Great idea. I have had zero issues with my 2019 Niro EV with over 24,000km since May 6th 2019 and love it. The biggest problem in the last month has been not driving it because of confinementThere are a number of threads about catastrophic failures in their car, but without a context to how likely this is for all owners. So why not have a poll to see if having a failure is for Niro owners
I dunno, I've been driving for almost as long and I've had 2 compressors fail on me in that time. Like any other mechanical system they wear and can fail. Now, in your case it's defnitely an eary failure, hopefully just a bad part and not indicative of a design flaw.I bought my 2017 Niro FE new in April 2017. Currently at 82K miles. Only major failure was the A/C compressor which required 3 trips to the selling dealer...and a month total out of service. What is very curious is how, after the third trip to the dealer, they had the A/C compressor in stock (when I asked the service advisor how it came to be that the compressor was in stock, he stated that he had no idea). Anyway, I am very glad that I bought the extended warranty as the total cost of the compressor replacement would have been near $3000US. I find this very disturbing. I have been a licensed driver for nearly 41 years and I have never had an A/C compressor fail.
This is only my second car in 45 years with AC! However, there is another point of failure with this AC that your other cars did not have: it has it's own high voltage motor. Most car ACs are belt driven.I find this very disturbing. I have been a licensed driver for nearly 41 years and I have never had an A/C compressor fail.
Regarding your heat/air issues, do you have Automatic Climate Control? If yes, then you likely have the "Auto Defogging System". Look it up on the Ops Manual and turn it off. I have all kinds of heating/cooling/fan issues until I turned it off. Since then, Automatic Climate Control issue whatsoever.The recalls for minor things is about it.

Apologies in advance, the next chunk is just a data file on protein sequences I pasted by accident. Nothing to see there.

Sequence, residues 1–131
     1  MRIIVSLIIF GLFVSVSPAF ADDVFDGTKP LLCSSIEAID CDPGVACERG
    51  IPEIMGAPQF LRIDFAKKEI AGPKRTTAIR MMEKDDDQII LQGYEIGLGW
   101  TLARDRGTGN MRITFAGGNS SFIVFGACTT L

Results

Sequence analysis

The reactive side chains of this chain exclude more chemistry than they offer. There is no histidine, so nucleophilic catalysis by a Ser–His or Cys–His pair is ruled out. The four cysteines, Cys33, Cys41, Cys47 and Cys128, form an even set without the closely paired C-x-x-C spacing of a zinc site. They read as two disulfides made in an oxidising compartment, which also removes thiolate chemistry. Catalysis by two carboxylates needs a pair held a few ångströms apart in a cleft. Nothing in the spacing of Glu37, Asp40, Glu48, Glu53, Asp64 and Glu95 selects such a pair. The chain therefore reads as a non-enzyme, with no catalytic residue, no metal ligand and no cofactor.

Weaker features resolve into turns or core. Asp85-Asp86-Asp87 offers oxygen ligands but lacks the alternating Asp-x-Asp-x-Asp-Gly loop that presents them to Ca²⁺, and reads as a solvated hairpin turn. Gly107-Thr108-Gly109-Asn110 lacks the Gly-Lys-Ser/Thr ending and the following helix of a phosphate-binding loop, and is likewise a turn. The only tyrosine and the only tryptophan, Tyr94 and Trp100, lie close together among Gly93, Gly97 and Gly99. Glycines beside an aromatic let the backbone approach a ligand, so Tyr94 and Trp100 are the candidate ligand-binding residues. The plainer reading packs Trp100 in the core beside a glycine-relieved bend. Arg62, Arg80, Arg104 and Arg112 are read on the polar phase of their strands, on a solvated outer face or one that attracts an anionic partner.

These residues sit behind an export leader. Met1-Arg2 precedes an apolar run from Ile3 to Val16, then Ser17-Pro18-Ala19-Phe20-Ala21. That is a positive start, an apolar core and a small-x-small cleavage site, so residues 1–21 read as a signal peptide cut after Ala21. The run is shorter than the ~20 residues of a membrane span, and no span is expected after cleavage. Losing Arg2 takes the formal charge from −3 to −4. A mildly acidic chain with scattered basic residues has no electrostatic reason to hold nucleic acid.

I did have one warranty item - heard a thumping noise in the rear for a time, took it in and dealer found a suspension item loose (as I remember was the sway bar).
Other that that, the thing has issues --
1) jerkyness (whatever you call it - mine is not too bad and I hive lived with it),
2) entertainment system acts funny at times (and will not Bluetooth read my contacts on a new phone),
3) heat and air fan is aggravating (sometimes is high and sometimes low - requires adjusting it manually),
4) the heat / air gets directed to defrost somehow (have to manually put it back to desired direction).
5) At 36,300 miles noted front tires wearing off on inside (about 2 inches) and are worn more than the back (expected). PS: I had not rotated them until 36,300 miles (MY BAD).
6) Left Rear Tire (original Michelin) developed road noise (a lot) many miles ago. Rotating to the front has reduced the noise as just don't hear it as much being on front vs at back. The tire has feathering on the tread (inside about 2 inches).
OTHER THAN THAT -- I like the handling, power is OK, gas mileage at 50+ MPG for 36,300 miles is GREAT, and it is comfortable enough, and has enough storage for that size car. It is a bit low seated (so harder to get in and out than standard SUV) but better than most sedans. I do like sitting higher in SUV for visibility.
I think the front USB port is more like a data port that has a tiny amount of charge available. My Samsung phone takes a long time to charge when I use Android Auto, which requires a USB data cable be plugged in.I've just bought my second Niro after moving countires.
My first was 2017 Hybrid First Edition - loved it as got to 40k with it and the only thing was buggy Car Play
Just bought 2020 Hybrid GT Edition and put 400 miles in three days getting around and my only comment is the front USB charger doesn't work.
That must be changed in my 2019 Niro EV because my main USB port charges my phone normally. It is not a quick charge port though.I think the front USB port is more like a data port that has a tiny amount of charge available. My Samsung phone takes a long time to charge when I use Android Auto, which requires a USB data cable be plugged in.
I'm wondering if the algorithms for rev matching during gear shifts are the difference between EV or engine on modes. I would have expected it to be smoother in EV mode as I'd guess the motor would be faster matching revs and possibly more controllable and accurate than the engine.It's much smoother when it's in HEV mode (when both the electric motor and engine are delivering power), so I just figured they took the same power delivery curve for the electric motor and applied it whether it was in HEV or EV mode.